Sentences Containing 'gusty'
And at that I understood the smell of burning wood, the slumbrous murmur that was growing now into a gusty roar, the red glow, and the Morlocks' flight.
Around that time, the system was south of Hawaii, and it brought locally gusty winds as high as to the northern part of the Big Island.
C Company then went on the rampage in the Lower Shankill, attacking the houses of known UVF members and their families, including the home of veteran UVF leader Gusty Spence, and evicting the inhabitants at gunpoint as they wrecked and stole property and set fire to homes.
During that year, Sydney experienced a number of warm winter days, dry gusty winds and another milder dust storm.
I imagined myself a death sentinel drowsing there alone, far in the dragging watches of some wailing, gusty night, and having in a twinkling all my body stricken to quivering jelly by the sudden clamor of that awful summons!
In Słubice the average temperature was until . Early September brought gusty winds in Poland, near Bydgoszcz in Kuyavian-Pomeranian Voivodeship tornado passed, which escaped with the roots of several hundred trees.
Ivan then moved into the Wheeling, West Virginia and Pittsburgh area, causing major flooding and gusty winds.
On 12 and 13 February, some suburbs were hit by thunderstorms which brought heavy rain and gusty winds which cut out power and damaged homes.
The delicate little people must have heard me hammering in gusty outbreaks a mile away on either hand, but nothing came of it.
The jugo and the bora are characteristic of the Littoral. Whereas jugo is humid and warm, bora is usually cold and gusty.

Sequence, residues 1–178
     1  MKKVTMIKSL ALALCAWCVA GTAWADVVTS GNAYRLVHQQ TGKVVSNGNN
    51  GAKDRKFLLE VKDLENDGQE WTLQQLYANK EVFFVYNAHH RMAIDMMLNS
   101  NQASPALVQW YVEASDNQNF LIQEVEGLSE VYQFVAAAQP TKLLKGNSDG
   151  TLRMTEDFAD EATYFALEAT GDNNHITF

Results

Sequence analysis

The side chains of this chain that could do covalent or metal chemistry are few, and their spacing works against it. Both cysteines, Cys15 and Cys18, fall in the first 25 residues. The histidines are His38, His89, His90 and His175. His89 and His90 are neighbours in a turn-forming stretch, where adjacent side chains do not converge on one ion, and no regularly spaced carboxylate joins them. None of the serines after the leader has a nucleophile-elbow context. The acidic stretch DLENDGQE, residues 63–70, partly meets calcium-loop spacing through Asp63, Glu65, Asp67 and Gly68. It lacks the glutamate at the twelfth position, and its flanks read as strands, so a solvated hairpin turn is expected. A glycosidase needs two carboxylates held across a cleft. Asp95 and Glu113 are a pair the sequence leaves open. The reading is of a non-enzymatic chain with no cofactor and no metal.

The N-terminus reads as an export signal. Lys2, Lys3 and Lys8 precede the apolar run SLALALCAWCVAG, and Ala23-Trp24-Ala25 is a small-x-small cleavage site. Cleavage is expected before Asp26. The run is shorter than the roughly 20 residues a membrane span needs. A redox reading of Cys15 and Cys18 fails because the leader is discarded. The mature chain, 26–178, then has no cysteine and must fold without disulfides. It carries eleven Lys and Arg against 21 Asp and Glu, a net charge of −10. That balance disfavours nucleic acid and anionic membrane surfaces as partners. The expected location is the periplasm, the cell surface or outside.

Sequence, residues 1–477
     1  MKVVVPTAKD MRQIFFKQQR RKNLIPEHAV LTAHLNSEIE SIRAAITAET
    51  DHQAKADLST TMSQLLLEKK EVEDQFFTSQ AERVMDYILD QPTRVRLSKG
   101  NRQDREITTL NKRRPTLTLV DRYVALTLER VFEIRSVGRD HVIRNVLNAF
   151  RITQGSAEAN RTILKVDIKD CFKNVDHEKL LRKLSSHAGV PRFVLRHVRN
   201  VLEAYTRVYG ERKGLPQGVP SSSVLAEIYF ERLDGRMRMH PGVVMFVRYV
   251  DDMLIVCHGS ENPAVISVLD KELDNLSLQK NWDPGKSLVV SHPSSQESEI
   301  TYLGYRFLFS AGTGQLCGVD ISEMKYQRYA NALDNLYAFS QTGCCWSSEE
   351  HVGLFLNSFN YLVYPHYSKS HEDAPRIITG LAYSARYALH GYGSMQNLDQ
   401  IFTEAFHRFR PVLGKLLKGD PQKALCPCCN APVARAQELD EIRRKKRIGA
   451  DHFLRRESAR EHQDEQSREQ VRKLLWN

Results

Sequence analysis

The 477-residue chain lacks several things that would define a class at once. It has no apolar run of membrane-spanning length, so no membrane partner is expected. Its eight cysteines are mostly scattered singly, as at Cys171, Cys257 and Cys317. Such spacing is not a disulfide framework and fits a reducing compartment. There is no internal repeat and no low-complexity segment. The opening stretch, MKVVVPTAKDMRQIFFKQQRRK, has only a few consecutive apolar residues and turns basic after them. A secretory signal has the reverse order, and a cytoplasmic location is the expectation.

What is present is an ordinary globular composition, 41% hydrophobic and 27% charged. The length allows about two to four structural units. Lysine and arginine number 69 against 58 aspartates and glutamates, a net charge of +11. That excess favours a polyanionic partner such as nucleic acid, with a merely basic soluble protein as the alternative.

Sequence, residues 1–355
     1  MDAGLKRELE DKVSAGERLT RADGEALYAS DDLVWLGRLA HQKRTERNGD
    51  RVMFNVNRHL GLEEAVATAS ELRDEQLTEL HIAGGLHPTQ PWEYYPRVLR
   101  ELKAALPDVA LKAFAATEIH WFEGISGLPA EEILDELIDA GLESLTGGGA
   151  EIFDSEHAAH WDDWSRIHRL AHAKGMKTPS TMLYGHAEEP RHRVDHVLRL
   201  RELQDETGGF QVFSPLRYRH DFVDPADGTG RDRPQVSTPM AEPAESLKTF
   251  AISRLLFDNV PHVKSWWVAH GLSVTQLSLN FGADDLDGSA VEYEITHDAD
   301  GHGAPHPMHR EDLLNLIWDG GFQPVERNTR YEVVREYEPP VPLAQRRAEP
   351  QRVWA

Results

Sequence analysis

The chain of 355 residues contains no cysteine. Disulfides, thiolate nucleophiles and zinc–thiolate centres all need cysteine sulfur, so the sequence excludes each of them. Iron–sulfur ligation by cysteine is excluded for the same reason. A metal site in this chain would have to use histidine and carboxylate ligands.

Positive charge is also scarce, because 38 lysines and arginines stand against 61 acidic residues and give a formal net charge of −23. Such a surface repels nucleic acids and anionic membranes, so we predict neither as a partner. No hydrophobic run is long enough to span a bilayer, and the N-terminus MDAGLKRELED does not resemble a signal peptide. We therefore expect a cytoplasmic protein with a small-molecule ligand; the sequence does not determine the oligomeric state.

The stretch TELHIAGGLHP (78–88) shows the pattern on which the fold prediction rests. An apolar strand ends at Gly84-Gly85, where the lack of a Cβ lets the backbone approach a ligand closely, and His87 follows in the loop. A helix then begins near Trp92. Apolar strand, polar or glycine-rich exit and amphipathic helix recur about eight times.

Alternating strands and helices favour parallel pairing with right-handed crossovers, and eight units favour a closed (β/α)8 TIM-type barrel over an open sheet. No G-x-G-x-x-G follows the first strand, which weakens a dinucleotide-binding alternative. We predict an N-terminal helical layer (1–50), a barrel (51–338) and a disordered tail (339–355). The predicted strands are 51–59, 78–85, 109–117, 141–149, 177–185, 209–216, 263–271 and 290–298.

Third round conditions were sunny, but with gusty winds that made scoring a bit tougher than the previous two days.
While the aircraft carried more passengers than the Cessna 402s that the airline routinely used, they were vulnerable to gusty winds and would not be used for the route on particularly windy days.
Don't forget to visit the world's best grammar check website (it's FREE)
More Vocab Words::: loath - reluctant; unwilling; disinclined; Ex. Romeo and Juliet were both loath for him to go.
::: ploy - strategem to gain an advantage; tactic; Ex. management ploy
::: flounder - struggle and thrash about; proceed clumsily or falter (as in water, mud, snow, etc.); proceed in confusion
::: ballast - heavy substance used to add stability or weight; V. supply with ballast
::: furrow - long shallow trench made by a plow; deep wrinkle in the skin; V.
::: carapace - shell covering the back (of a turtle, tortoise, crab, etc.)
::: prodigious - enormous; marvelous; extraordinary; Ex. prodigious amount/memory
::: gerrymander - change voting district lines in order to favor a political party; N. CF. Elbridge Gerry + (sala)mander
::: clavicle - collarbone
::: aversion - firm dislike